Routes, Cables and Spills: New research project on ocean infrastructures

From 2022 onwards I will be working on a new research project together with Kimberly Peters. In a new research group we will investigate the oceans through the analytical framework of infrastructures. We will focus on three pressing issues in ocean governance: Chokepoints and routes, subsea data cables and the prevention of marine oil spills. The project is a collaboration between Department of Political Science (DPS) of the University of Copenhagen, the Helmholtz Institute for Functional Marine Biodiversity and SafeSeas.

Discussion on methodology at University of Frankfurt

Today I had the pleasure to be a guest at a seminar on pragmatist research in International Relations, led by Gunther Hellmann. Based on readings of some of my texts on practices and pirates, we debated questions, such as the relation between neo-classical and neo pragmatism, what it means to center analyses in practice, the importance of concepts, and in how far methods based on pragmatist assumptions need to be controlled.

Workshop on the E3 in the Indo Pacific

What is the future role of the E3 – France, Germany and the United Kingdom – in the Indo Pacific region? This was the core question explored at an online expert workshop on 22.6. organized by four think tanks from the three countries. The focus was on two areas: 1) maritime security and 2) climate change and environmental policy.

The workshop participants discussed what the major challenges in these two areas are and whether and how the E3 would be the right format to take concerted action.

In my own contribution I stressed the importance of not narrowing down maritime security in the Indo-Pacific to inter-state affairs, but to pay full attention to the wider spectrum, in particular counter-terrorism and the fight against blue crimes, such as piracy, smuggling, illegal fishing and pollution. It is these problems where the E3 can make a major impact, rather than investing the majority of resource in signaling and freedom of navigation operations. I recalled the 2015 Luebeck Declaration on Maritime Security by the G7 which strikes a useful balance in terms of the different maritime security challenges.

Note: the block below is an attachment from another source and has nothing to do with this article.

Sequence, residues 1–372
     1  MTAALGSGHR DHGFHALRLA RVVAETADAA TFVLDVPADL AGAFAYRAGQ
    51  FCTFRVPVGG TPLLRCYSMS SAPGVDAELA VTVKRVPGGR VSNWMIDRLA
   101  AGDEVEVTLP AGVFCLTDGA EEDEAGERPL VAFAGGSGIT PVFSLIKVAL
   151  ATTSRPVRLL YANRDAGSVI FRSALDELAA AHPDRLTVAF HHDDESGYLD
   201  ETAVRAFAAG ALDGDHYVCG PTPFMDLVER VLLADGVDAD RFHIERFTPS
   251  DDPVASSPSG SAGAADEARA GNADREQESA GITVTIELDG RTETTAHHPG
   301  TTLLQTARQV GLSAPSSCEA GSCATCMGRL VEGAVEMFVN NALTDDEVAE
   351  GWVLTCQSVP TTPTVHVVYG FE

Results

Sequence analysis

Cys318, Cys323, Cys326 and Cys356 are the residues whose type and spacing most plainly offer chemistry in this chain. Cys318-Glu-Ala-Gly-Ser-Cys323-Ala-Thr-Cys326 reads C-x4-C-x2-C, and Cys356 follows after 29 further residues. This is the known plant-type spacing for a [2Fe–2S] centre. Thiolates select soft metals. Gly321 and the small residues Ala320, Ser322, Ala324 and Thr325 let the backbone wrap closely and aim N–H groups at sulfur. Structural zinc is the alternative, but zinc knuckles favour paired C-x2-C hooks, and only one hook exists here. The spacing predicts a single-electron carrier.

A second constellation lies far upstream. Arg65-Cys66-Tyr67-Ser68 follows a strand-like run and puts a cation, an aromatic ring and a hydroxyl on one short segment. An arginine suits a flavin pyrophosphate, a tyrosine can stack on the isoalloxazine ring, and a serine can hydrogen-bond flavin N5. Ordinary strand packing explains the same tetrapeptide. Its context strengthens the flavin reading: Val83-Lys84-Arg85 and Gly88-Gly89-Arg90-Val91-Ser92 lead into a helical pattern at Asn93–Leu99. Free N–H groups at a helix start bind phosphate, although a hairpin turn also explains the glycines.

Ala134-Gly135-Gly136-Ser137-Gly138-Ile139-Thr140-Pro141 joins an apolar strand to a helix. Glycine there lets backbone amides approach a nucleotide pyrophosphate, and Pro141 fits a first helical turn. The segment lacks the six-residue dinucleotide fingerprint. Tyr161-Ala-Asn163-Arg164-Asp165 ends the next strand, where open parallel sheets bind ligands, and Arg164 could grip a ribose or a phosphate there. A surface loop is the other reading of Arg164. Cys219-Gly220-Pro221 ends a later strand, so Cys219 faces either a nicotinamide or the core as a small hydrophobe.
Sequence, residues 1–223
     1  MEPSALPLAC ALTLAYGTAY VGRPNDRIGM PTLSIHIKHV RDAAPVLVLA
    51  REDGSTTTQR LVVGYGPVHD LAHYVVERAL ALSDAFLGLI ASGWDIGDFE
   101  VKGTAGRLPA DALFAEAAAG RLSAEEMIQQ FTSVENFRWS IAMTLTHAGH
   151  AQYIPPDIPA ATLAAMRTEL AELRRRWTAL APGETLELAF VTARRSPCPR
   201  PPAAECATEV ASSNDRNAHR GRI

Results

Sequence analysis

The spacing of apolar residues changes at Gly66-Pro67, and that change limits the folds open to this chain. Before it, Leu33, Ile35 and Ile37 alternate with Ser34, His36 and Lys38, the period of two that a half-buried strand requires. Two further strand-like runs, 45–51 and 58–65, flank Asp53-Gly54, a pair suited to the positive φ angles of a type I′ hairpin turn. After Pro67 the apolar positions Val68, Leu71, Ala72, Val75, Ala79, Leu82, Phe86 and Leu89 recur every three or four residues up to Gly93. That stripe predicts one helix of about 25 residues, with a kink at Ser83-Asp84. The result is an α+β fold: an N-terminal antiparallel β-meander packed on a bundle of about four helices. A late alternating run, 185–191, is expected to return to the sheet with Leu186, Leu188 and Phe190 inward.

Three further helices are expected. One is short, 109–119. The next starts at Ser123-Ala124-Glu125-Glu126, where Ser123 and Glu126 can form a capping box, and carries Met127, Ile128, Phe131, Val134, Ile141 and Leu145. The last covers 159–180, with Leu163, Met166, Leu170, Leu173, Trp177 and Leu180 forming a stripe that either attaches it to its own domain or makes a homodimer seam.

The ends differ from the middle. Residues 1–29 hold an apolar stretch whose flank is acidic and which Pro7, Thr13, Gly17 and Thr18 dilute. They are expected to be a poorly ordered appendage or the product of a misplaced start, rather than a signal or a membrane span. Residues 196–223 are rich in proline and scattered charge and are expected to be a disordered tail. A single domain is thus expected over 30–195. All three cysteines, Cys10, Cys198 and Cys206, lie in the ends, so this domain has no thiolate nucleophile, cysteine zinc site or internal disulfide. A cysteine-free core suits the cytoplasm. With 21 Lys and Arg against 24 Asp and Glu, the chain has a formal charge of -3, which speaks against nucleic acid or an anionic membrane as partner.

I also stressed that any role for the E3 needs to be seen in the light of the European Union’s recent Indo Pacific Strategy, as well as the current experiments of the European Union in establishing Coordinated Maritime Presences as a new concept, at the moment tested in the Gulf of Guinea. How the UK can contribute to a future coordinated maritime EU presence in the Indo Pacific is the crucial question that needs to be addressed. Another institutional question is certainly in how far any response should be rather coordinated and carried out in the frame of NATO or the G7 rather than the mini-lateral E3 format.

The second session focused on climate change policies and highlighted in particular energy policy and decarbonization as ongoing coordination challenges. As the discussion revealed climate change and maritime security need to be seen as a inter-linked policy fields, in terms of the emissions from naval forces, new challenges for maritime security caused by climate change, as well as the importance of maritime security forces in enforcing environmental regulations at sea and securing biodiversity in particular in the face of disasters such as oil spills.

Is global shipping in crisis?

Yesterday I had the opportunity to discuss in Al Jazeera’s Inside Story show the current situation in shipping. The global shipping industry is under significant stress at the moment due to the ongoing pandemic with adverse effect on global supply chains. In the show we were discussing what to do about this situation and the larger implications of our dependency on the global transport infrastructure and how it is regulated.

Workshop on Standardization in Global Governance

On the 14th and 15th of June I had the pleasure to attend a workshop that illuminated different forms of standardization processes in global governance with a particular focus on standards of “good governance”. The workshop was organised by Jens Steffek, Technical University of Darmstadt, in collaboration with the Centre for Global Cooperation Research.

At the workshop I discussed the curious case of “best practices’ and how they emerged as a new way of how to conduct standardization. I offered a range of explanations for the impressive proliferation of best practices.